Like Lori said, this recipe makes way too much dill sauce! So here’s my not-as-fancy version of eggs benedict. Okay, so it’s nothing like eggs benedict: no hollandaise, no canadian bacon, and a sunny side up egg instead of a poached one. At least there’s a toasted English muffin involved. Continue reading
I’ve never really thought of baking eggs in the oven, but it turns out they’re fluffy and creamy, and definitely easy when feeding a crowd. This is the perfect Sunday brunch food, and much more interesting than making a giant pan of scrambled eggs.
I actually ate this in Napa, and decided the second I came home that I just had to try the recipe for myself, in my own kosher kitchen. It took six months, but I finally tried it, and immediately regretted not making it months ago. Continue reading
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I wanted to post this recipe before the rhubarb season escapes us. It’s pretty late now, but it’s still findable in small quantities, and really that’s all you need for this cake. I’m also pretty certain that it was be almost as good without the rhubarb filling, or with some other seasonal crop in there, like cherries or berries. Why not? Continue reading
I’ve made this recipe more than once, and all I can say is sorry for not sharing with you the first times! This is such an easy muffin recipe that can be adapted for the seasons or the (not so great anymore) fruit you have on hand. It’s from the Art and Soul of Baking, which has made a comeback in my kitchen now that the semester’s over and I have time for more time-consuming baked goods.
We promised you a new recipe for biscotti, and we may be delayed, but here you go!
These are very different from the last ones. They’re much easier to make, but that doesn’t mean they’re less delicious. We also cut them into much smaller pieces, allowing for much less breakage (like, we couldn’t make ice cream out of the crumbs), but you can really bake and slice them however you prefer. Continue reading
Shavuot is distinct from most other holidays because we traditionally eat dairy (why?). This means that we can eat gooey cheesey dinners, and more importantly, we don’t have to make desserts using fake butter like we usually do!! So we always pick out some special recipes to share with our family during this holiday.
I usually don’t fry things, but the other day I happened to be really hungry and had hardly anything in the house to eat (which happens pretty often, believe it or not). I found some mini potatoes on the counter and remembered watching Giada make potatoes by smashing them and frying them. They looked great on her show, so why not try it!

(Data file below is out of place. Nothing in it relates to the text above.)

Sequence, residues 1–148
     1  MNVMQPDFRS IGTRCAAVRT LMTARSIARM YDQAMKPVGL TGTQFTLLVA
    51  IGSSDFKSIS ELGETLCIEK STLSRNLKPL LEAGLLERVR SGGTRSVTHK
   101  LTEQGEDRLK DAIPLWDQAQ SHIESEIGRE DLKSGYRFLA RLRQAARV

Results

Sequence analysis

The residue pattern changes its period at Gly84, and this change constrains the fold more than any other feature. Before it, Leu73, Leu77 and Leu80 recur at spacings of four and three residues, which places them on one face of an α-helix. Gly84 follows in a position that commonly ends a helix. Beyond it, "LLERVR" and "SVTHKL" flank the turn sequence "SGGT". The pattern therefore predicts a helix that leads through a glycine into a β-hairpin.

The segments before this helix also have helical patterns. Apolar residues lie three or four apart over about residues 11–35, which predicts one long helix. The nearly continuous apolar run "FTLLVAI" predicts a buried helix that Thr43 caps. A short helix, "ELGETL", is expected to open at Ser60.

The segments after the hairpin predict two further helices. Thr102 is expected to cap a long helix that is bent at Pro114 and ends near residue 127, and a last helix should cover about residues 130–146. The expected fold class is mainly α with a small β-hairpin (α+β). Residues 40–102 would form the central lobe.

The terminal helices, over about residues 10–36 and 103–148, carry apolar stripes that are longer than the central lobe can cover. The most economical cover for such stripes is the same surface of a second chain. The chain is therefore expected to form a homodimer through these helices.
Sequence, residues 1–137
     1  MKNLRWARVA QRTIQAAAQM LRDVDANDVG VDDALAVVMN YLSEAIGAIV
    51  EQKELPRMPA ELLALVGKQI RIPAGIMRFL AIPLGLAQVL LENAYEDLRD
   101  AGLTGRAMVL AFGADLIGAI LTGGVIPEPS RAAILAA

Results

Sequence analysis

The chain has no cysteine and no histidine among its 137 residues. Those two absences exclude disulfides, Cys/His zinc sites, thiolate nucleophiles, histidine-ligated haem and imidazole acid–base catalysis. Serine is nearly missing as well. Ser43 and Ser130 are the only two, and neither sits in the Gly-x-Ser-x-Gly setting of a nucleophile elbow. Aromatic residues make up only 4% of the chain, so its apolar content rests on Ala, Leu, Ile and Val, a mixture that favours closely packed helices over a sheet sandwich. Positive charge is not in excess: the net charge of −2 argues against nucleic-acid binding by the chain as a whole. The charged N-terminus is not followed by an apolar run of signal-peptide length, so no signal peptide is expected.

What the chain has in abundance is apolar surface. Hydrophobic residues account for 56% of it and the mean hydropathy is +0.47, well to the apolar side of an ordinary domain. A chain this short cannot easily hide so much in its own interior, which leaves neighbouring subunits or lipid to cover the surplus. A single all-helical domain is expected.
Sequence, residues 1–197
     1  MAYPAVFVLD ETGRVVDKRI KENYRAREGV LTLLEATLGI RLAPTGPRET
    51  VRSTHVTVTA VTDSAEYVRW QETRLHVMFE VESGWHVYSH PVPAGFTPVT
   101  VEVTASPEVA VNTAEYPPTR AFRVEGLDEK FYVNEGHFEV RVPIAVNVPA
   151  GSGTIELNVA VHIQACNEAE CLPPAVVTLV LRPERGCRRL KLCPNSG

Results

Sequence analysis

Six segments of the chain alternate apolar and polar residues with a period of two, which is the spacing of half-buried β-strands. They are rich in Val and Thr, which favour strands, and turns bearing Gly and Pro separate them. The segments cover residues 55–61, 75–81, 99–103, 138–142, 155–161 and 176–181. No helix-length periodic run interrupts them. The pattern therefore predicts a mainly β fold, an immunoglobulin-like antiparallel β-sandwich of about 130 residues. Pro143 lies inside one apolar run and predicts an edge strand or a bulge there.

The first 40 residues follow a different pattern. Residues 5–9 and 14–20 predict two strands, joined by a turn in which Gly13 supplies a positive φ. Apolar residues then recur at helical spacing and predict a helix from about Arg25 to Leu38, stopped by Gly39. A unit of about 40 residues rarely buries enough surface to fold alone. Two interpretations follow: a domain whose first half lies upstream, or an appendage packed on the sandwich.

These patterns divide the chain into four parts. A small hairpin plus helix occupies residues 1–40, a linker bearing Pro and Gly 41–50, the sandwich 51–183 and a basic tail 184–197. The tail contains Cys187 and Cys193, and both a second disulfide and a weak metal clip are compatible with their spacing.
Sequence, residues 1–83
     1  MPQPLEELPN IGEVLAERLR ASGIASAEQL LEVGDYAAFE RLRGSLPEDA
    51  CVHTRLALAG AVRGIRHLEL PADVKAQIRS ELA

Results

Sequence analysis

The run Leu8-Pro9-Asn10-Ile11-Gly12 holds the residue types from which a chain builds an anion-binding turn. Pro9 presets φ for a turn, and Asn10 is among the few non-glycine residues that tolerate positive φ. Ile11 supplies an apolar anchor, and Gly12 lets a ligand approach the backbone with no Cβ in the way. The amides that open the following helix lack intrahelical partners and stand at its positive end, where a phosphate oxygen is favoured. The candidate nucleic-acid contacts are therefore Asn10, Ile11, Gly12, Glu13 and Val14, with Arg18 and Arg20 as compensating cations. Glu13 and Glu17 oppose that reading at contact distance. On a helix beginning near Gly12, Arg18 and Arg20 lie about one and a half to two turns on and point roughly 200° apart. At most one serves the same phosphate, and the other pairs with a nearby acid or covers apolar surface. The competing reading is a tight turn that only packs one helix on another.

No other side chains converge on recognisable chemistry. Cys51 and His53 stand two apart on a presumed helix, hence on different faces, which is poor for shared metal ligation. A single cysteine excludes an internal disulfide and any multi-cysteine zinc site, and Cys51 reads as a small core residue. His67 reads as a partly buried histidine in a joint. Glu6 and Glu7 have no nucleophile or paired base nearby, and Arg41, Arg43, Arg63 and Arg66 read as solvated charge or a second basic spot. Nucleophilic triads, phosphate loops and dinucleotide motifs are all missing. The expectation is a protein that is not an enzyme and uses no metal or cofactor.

This dish is in no way filling, but it works as a snack, a side dish, or something to fend off hungry husbands until dinner time. I like it best as a side with eggs – they’re easier to make than hash browns, but still crispy like that breakfast potato we all love. Continue reading
Pound cake is pretty much what it sounds like…You measure out a pound of all the ingredients, mix them together, and lo and behold you have a delicious, rich cake. It lasts a pretty long time on the counter, too. If you don’t have a kitchen scale, I’m not sure this is the right cake for you. I did take note of the volume, but I’m not sure how accurate those are. My advice? Get a kitchen scale! You can get a good one for 20 dollars. The smell alone is worth it. Continue reading
Believe it or not, we eat well during Passover. We don’t even miss bread. It’s only a week! If you can’t go eight days without eating a bagel, there’s probably something wrong with you (not that we don’t love bagels, clearly).
Our secret to delicious Passover dining is using matzah only for what it is intended (read: forgoing desserts that replace flour with matzah meal) and experimenting with sweets that can be enjoyed all year long, but just happen to be kosher for Passover. Continue reading
Potatoes are amazing; have you ever met a more versatile vegetable?
I made these as a breakfast potato along with some scrambled eggs and french toast. By the time they were cooked, everyone was stuffed, but that didn’t stop them from eating all of the potatoes. The moral of the story? these take a long time to cook, like potatoes do, but they’re absolutely delicious once they’re cooked!